Thursday, July 25, 2013

The Panopticon

The Panopticon
Jenni Fagan

What kind of meaning gets created and what sort of choices are perceived when one is born into nothing, without family, without resources, without love? What happens when you are raised, wholly and completely, within a system that appears to have little interest in truly helping you and yet eagerly watches for—and expects—your next failure? This is the experiment created by Jenni Fagan; these are the questions that get answered in The Panopticon.

The panopticon was the brainchild of Jeremy Bentham, an eighteenth-century social philosopher. Designed as a semi-circular prison with a central watchtower, it was conceived so that all prisoners could be potentially watched at all times without them ever being certain when they were being observed.

In Jenni Fagan's book, no one is so sure of being watched as Anais Hendricks. The panopticon of the novel is now a residence for troubled youth, and is Anais’s latest stop in a long history. That history includes thirty-eight social workers and fifty-one placements by the age of fifteen, plus over one hundred police charges in the last sixteen months. Not to mention a policewoman in a coma, with only a hazy and drug-addled recollection by Anais of the events of the day or how she got blood on her skirt. By the numbers, one might argue that Anais is very troubled indeed; the careful observer might also notice that beneath her apparently troubled exterior lies an astonishing awareness of humanity and a set of well-developed and fiercely held morals.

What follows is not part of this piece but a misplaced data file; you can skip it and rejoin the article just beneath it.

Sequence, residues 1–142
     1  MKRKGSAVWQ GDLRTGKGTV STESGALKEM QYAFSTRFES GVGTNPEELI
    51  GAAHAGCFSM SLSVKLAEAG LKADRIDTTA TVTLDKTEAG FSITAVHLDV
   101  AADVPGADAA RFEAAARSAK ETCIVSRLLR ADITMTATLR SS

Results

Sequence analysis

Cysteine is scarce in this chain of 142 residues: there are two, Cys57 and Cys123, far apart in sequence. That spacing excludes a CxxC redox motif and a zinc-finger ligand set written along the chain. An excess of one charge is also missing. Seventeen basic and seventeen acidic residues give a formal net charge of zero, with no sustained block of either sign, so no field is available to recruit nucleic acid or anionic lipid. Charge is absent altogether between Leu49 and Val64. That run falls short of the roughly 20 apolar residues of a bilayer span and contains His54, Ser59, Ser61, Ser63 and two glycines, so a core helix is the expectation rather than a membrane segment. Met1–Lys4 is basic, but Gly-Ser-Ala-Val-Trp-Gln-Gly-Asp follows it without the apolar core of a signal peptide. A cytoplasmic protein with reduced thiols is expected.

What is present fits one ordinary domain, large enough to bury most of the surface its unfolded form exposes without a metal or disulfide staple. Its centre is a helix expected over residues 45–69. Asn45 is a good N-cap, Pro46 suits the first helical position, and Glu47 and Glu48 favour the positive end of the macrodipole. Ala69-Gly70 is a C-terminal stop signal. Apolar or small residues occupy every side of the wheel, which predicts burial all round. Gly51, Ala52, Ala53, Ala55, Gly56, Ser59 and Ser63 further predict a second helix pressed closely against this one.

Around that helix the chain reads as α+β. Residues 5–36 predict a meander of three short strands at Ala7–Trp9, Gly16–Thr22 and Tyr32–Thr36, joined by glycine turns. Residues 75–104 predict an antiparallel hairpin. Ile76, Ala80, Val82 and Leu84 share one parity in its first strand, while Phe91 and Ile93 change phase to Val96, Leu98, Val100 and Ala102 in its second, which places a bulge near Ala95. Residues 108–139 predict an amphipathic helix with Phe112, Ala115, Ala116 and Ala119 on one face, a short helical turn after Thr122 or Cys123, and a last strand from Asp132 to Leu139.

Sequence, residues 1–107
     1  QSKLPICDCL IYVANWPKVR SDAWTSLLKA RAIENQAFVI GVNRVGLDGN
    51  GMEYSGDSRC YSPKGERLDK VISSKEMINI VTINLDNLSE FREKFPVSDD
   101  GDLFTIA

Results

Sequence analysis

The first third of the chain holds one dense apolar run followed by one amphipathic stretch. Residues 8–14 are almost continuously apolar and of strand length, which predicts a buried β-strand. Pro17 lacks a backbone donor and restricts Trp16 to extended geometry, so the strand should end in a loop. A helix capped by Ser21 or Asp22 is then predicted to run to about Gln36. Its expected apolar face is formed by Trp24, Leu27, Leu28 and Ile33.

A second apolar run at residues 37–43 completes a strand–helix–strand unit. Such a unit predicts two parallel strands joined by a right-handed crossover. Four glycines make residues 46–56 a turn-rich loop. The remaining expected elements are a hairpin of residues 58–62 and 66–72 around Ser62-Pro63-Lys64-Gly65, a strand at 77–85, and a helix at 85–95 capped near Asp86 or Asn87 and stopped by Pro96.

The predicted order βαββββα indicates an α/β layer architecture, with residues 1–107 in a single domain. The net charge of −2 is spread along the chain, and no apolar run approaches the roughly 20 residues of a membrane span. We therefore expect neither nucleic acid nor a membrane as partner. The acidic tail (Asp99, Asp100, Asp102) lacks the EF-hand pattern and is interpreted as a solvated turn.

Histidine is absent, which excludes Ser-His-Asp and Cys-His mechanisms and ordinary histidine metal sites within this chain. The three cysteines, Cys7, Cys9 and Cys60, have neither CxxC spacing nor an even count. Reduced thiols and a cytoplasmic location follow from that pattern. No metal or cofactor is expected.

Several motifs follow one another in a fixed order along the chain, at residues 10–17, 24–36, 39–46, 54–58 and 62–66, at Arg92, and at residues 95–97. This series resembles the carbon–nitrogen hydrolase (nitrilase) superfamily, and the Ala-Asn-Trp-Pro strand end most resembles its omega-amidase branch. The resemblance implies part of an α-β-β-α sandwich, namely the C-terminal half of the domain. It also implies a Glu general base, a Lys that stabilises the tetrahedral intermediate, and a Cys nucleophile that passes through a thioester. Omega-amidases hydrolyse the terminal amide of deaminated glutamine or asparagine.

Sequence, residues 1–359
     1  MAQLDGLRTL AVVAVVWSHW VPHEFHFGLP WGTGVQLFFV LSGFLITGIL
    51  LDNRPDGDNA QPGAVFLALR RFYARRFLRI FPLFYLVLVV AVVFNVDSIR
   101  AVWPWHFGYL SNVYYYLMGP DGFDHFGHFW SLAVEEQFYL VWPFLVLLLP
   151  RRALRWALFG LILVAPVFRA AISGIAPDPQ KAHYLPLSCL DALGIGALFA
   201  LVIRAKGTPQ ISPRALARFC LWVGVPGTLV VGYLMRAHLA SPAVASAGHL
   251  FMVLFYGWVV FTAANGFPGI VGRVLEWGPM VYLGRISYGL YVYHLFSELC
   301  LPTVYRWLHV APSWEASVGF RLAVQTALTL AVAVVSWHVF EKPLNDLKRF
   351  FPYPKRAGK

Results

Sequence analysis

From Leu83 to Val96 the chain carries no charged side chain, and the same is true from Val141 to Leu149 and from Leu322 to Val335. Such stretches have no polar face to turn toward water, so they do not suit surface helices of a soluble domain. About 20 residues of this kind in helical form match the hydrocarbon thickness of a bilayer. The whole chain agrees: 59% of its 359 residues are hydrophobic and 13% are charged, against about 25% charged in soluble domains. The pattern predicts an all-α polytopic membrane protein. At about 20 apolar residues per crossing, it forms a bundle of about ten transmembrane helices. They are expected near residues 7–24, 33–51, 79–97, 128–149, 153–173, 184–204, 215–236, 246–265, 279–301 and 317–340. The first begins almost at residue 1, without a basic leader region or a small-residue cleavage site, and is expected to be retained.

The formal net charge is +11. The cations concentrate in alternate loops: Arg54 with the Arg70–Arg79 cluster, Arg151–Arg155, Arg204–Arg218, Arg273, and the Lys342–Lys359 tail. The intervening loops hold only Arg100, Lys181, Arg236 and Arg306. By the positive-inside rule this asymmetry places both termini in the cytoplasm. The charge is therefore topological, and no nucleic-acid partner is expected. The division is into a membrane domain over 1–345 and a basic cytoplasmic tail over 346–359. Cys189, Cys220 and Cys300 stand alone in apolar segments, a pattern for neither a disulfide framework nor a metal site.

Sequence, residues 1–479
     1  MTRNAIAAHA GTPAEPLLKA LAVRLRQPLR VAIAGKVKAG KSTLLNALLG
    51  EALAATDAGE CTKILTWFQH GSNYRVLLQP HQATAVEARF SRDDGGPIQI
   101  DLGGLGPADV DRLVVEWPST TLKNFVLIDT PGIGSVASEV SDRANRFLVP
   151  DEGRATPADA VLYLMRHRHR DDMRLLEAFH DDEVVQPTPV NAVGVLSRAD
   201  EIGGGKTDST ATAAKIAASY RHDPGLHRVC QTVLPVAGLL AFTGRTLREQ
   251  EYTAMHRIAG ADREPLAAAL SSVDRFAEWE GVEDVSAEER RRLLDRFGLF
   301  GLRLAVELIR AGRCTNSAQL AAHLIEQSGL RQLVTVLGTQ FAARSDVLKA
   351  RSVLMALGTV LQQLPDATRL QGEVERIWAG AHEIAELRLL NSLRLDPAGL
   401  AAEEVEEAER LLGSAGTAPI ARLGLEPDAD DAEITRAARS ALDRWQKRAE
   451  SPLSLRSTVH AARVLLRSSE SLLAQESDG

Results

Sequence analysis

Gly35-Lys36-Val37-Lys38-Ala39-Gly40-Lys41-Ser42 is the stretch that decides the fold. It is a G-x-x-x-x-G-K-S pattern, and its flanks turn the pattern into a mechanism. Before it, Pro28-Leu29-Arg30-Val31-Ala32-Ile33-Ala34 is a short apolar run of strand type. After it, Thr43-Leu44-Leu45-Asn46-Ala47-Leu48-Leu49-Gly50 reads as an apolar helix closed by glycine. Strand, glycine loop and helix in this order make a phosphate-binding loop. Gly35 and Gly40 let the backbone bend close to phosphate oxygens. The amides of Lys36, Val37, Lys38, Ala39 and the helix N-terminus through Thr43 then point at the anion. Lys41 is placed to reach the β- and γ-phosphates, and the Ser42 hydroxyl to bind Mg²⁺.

The Panopticon is a fantastically well-written first novel. In Anais Hendricks, Jenni Fagan has created an intricate and insightfully drawn protagonist who is struggling to find meaning, connection, place, and family. Fagan's dialogue is brilliantly written, her characters are deftly drawn and yet wonderfully complex, and she casts an unflinching eye on what are often torturous events and painful truths. The Panopticon can in places be a very difficult book to read, and it is tempting at times to look away. It is a book that is not afraid to explore the depths of darkness and despair or to cast a casual eye over activities of unspeakable cruelty; it also has the capacity to find beauty and hope, and to hold out the possibility of redemption and reinvention. In the end, it is an exceptional book that ultimately rewards the persistent reader.

- Mark Mullaly

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